If you were to improve the lives of low-income families in a developing country, would you choose to provide cash, nutritional supplements, or a bag of cement? The answer may be surprising: cement. An example of this is demonstrated in Mexico, where cement was provided to low-income families to lay floors. As a result, parasitic infection rates dropped by 78%, diarrhea, and anemia in children were significantly reduced, and school performance and mothers' happiness were improved. Additionally, replacing dirt roads with concrete pavements can significantly increase wages for nearby residents and increase child school enrollment.

We often underestimate the importance of the built world. Of all building materials, none has made as big an impact as quickly as cement. Concrete greatly simplifies the construction process compared to masonry. You pour the concrete into the mold, and a job that would have taken days or weeks can now be completed in just a few hours.

The wonder of concrete also lies in its complexity and ever-changing properties. Even in the drab, seemingly lifeless concrete buildings of the city, chemical reactions are still going on inside, and the concrete continues to harden and react. Even giant structures like the Hoover Dam continue to become stronger over the years gradually.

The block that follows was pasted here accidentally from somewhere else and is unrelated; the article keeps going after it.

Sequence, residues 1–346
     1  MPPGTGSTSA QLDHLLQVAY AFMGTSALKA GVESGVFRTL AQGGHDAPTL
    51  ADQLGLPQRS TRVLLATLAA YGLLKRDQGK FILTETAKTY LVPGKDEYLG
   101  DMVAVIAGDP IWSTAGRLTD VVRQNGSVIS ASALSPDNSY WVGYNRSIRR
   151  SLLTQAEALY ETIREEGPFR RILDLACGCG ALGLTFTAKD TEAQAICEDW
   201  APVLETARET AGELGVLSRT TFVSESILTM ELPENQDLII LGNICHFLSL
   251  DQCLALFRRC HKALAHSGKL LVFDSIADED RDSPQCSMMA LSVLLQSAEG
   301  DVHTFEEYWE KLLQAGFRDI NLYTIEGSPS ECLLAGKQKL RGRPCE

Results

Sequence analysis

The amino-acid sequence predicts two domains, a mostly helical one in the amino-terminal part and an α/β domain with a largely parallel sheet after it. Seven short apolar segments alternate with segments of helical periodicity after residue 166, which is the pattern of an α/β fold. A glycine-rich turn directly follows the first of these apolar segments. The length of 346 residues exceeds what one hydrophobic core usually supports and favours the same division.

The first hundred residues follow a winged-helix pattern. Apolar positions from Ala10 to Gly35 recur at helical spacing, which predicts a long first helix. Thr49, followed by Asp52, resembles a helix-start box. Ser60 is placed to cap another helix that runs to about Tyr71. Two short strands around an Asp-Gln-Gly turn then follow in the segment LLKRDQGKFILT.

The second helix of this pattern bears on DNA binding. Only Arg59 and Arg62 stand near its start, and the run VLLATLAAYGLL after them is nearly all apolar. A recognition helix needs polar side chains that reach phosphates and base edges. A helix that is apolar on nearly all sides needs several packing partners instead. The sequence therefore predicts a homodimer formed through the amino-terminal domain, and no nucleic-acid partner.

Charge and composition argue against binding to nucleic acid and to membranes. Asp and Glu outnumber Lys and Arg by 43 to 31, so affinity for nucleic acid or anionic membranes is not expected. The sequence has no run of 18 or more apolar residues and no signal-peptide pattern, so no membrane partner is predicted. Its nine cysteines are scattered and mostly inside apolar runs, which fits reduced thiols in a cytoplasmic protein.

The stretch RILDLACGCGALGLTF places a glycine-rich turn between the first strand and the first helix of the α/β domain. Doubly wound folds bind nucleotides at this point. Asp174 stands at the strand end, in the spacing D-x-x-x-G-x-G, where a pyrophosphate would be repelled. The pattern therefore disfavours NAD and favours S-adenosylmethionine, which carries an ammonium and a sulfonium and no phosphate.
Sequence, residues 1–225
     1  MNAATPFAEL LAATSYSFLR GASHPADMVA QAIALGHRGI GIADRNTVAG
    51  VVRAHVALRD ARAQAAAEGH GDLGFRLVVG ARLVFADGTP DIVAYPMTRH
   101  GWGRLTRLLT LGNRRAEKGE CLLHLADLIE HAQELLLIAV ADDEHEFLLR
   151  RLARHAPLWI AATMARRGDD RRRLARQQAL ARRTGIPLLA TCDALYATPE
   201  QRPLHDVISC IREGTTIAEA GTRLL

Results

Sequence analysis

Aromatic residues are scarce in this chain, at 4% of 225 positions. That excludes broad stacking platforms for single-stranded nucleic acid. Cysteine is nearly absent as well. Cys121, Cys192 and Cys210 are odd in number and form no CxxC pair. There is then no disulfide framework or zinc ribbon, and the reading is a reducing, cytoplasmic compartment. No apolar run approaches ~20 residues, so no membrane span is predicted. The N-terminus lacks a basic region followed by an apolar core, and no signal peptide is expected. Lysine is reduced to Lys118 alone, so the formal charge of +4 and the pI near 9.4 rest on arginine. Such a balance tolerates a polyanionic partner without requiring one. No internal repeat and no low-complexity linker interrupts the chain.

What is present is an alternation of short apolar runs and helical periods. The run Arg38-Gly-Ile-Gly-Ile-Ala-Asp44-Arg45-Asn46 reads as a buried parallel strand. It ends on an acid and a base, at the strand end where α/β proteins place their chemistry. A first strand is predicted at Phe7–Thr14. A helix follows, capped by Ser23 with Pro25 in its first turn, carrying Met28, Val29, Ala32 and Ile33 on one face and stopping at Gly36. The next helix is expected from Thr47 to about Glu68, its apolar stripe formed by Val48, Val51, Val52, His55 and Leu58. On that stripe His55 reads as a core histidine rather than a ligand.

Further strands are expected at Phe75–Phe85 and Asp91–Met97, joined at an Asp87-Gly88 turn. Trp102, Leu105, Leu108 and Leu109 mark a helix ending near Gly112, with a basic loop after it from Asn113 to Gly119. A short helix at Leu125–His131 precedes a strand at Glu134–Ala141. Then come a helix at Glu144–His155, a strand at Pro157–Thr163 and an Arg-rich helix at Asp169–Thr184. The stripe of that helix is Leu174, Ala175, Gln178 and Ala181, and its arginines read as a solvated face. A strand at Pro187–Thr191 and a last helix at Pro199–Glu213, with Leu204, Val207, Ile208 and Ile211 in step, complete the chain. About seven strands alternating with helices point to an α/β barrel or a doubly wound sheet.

To clarify, concrete and cement are not the same. Cement, the binding agent for concrete, is a powder obtained by calcining and pulverizing limestone or chalk with clay, sand, and other additives such as iron oxide. When water is added, the calcium and silicon in the cement react with the water to form a gray gel filled with countless microscopic stony tentacles. These tentacles, or crystals of calcium silicate, hydrate, intertwine, and expand, locking in moisture and forming a skeleton-like stone structure. Add gravel and sand to the mix, and the tentacles not only bind themselves but also surround the gravel and sand, creating concrete—a rock that can be poured.

 

3) The other side of concrete